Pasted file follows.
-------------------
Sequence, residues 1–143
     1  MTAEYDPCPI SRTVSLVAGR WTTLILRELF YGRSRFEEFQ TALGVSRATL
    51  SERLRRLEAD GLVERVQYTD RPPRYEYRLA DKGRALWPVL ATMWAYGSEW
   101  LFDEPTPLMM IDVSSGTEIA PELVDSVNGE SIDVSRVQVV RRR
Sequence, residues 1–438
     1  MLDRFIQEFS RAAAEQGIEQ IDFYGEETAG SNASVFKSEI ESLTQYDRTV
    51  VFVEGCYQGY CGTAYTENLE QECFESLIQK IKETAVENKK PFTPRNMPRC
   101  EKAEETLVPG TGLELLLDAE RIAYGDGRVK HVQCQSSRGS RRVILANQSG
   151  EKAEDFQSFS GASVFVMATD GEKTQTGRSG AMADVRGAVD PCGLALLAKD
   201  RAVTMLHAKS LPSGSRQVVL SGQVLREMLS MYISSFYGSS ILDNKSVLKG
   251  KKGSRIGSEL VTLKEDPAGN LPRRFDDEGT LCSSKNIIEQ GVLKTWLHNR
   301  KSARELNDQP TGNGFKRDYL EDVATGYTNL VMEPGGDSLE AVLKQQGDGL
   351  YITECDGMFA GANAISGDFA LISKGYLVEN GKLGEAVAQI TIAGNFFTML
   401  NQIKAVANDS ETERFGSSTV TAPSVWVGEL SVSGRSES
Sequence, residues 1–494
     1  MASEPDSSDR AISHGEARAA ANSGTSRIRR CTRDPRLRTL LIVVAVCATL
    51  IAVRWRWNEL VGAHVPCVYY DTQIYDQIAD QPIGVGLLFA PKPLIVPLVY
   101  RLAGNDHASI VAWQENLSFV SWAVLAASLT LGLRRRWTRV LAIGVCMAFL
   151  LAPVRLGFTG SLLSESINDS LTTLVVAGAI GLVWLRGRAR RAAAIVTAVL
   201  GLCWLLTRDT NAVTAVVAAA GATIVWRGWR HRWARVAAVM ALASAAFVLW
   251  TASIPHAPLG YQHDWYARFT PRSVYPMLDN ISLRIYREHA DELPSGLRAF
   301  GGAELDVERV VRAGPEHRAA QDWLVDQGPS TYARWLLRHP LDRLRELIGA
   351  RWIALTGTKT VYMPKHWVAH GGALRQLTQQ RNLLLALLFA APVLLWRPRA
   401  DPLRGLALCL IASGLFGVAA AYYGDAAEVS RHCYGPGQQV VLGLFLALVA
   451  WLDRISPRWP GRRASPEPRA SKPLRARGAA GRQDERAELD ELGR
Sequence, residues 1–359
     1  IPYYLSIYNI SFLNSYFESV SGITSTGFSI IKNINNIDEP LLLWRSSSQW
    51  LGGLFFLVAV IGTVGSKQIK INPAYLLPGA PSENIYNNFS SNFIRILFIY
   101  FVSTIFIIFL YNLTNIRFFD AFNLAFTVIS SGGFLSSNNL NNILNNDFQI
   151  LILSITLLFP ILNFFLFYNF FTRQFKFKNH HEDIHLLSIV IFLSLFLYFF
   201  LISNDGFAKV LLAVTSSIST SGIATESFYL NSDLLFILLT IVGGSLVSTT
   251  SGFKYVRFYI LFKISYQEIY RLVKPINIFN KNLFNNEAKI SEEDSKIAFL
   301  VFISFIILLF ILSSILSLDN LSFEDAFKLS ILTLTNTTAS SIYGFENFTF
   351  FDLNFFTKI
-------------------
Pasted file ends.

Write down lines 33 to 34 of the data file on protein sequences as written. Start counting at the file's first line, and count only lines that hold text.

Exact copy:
   301  VFISFIILLF ILSSILSLDN LSFEDAFKLS ILTLTNTTAS SIYGFENFTF
   351  FDLNFFTKI